When you think of Egypt, you think of arid desert right? But not all of Egypt is barren! St. Katherine’s Protectorate on the Sinai Peninsula is home to 37 species of plants that are endemic to Egypt alone! There are a total of 316 plant species in the area, 102 of which are actively used by the Egyptian people for medicinal purposes.
In a country with a dearth of arable land, how can Egypt make sure this valuable flora is protected? The United Nations Development Program has partnered with the Global Environment Facility (GEF) and the Egyptian Environmental Affairs Agency (EEAA) to achieve just this. In 2003, the Egypt-Conservation and Sustainable Use of Medicinal Plants in Arid and Semi-Arid Ecosystems was launched. The project has so far protected 12 endemic endangered species, created opportunities for generating income through the use of medicinal plants, created an encyclopedia about medicinal plants, and even taken measures to abolish over-grazing of the plants. Through projects like these, UNDP is working hard to ensure the conservation of biodiversity around the globe!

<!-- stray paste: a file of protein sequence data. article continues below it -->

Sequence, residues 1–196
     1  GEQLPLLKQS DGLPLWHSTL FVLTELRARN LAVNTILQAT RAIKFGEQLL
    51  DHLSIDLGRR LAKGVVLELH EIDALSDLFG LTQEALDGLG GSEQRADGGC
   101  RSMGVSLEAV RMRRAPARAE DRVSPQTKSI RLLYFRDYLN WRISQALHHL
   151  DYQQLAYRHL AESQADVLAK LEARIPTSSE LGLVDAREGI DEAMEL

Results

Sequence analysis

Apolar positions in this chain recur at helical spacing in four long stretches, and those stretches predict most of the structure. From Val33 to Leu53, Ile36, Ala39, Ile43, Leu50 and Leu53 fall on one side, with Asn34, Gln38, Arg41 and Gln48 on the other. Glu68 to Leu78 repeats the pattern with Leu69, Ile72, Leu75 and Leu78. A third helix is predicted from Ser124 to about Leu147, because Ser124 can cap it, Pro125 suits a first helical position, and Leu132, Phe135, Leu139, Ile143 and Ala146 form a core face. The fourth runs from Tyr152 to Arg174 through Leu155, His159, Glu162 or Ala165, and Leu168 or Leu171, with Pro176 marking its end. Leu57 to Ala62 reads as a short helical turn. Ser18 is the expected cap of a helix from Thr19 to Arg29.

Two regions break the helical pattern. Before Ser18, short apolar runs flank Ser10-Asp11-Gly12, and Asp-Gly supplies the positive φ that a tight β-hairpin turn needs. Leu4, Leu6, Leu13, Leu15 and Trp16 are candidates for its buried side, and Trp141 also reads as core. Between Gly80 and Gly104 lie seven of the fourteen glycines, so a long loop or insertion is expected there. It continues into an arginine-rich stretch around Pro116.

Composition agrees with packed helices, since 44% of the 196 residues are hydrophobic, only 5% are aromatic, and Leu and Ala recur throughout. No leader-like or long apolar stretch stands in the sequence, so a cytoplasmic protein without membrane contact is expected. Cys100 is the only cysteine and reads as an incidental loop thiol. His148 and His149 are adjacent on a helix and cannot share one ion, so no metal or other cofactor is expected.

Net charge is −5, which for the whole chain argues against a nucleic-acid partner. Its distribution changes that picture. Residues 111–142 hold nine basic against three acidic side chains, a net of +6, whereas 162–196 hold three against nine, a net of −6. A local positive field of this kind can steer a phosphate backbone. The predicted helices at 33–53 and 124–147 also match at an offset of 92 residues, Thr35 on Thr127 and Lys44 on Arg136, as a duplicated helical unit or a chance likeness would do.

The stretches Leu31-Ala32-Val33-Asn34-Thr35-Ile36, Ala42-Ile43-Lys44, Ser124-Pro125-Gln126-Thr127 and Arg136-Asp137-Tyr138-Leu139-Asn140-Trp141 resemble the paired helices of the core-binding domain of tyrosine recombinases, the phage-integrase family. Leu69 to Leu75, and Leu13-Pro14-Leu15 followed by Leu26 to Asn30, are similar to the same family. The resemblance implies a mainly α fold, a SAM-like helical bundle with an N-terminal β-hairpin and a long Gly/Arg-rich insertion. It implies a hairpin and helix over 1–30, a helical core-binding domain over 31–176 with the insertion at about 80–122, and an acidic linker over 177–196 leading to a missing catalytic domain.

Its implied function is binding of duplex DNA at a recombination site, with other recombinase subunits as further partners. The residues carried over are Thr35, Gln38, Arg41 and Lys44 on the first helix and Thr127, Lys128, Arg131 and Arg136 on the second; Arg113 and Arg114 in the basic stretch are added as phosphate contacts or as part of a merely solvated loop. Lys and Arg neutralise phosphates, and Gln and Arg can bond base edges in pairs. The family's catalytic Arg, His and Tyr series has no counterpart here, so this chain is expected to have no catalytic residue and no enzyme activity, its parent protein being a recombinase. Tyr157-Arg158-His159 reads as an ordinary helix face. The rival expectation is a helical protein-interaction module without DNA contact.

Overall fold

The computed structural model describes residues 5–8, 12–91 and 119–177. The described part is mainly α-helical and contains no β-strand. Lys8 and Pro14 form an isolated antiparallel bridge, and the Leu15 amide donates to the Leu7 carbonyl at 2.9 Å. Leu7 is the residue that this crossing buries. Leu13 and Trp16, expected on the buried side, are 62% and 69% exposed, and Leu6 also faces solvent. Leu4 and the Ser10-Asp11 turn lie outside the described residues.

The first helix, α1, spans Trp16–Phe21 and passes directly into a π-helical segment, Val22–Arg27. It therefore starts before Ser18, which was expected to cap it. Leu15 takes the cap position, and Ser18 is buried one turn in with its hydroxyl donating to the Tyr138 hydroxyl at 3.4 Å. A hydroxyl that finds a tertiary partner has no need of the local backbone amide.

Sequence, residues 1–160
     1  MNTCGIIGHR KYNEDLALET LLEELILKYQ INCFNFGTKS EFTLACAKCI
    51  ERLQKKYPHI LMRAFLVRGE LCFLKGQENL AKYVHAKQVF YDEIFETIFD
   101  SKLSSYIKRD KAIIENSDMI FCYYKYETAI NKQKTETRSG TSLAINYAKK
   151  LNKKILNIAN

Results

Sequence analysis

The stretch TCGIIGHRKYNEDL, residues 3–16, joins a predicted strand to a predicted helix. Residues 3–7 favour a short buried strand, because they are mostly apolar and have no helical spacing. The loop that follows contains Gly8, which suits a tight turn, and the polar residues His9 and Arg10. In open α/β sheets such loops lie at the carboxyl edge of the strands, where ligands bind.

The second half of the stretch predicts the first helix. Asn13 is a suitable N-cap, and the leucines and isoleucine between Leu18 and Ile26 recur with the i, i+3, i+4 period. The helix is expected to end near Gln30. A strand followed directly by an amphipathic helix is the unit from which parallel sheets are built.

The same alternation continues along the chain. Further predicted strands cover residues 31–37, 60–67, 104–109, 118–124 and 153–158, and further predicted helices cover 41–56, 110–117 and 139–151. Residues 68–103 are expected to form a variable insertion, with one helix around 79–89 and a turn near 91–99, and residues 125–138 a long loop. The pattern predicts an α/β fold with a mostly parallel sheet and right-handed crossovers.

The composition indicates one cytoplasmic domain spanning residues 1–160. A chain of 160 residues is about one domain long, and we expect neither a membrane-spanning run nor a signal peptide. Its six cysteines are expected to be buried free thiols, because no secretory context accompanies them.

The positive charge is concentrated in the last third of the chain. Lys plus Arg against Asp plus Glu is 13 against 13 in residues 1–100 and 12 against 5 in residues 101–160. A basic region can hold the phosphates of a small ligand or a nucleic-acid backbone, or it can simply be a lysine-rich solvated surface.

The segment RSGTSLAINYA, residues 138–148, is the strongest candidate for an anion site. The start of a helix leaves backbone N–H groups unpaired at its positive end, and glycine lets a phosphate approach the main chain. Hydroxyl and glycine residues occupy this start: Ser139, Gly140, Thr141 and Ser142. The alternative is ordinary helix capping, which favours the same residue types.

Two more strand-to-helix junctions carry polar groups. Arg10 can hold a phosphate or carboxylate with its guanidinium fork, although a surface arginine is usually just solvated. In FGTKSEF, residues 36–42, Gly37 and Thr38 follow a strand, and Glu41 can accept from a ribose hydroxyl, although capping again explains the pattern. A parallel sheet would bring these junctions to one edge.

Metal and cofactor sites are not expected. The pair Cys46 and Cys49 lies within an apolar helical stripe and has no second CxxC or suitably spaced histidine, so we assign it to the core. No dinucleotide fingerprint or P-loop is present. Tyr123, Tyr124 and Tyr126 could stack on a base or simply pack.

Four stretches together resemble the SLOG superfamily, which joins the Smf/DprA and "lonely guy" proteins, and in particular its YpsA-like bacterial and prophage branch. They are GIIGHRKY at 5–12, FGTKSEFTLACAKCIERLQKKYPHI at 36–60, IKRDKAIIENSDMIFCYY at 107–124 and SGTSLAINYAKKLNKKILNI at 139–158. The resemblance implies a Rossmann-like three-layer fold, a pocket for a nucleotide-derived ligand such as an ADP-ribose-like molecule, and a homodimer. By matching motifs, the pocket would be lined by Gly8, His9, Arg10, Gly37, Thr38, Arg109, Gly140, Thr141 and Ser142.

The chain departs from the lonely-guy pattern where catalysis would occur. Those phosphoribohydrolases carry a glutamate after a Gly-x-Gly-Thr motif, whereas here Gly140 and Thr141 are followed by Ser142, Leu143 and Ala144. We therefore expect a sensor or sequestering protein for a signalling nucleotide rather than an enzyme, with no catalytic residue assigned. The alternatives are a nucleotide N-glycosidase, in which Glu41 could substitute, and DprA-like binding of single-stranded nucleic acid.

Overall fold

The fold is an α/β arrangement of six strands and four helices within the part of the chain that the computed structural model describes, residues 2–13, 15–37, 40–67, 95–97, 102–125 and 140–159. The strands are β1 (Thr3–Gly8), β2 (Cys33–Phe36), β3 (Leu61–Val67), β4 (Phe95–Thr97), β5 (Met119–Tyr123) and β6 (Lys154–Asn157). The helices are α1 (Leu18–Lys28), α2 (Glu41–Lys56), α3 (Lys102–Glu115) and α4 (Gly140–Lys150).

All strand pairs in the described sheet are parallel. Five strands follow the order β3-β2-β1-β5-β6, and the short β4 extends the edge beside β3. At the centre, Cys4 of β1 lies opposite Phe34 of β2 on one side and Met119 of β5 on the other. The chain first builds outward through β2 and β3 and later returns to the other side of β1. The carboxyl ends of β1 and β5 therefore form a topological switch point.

Read more about the project by clicking here.
Also, check UNDP-USA's Voices From the Field Blog to follow Executive Director, Elizabeth Latham and her team on their exciting fact-finding journey to Mozambique.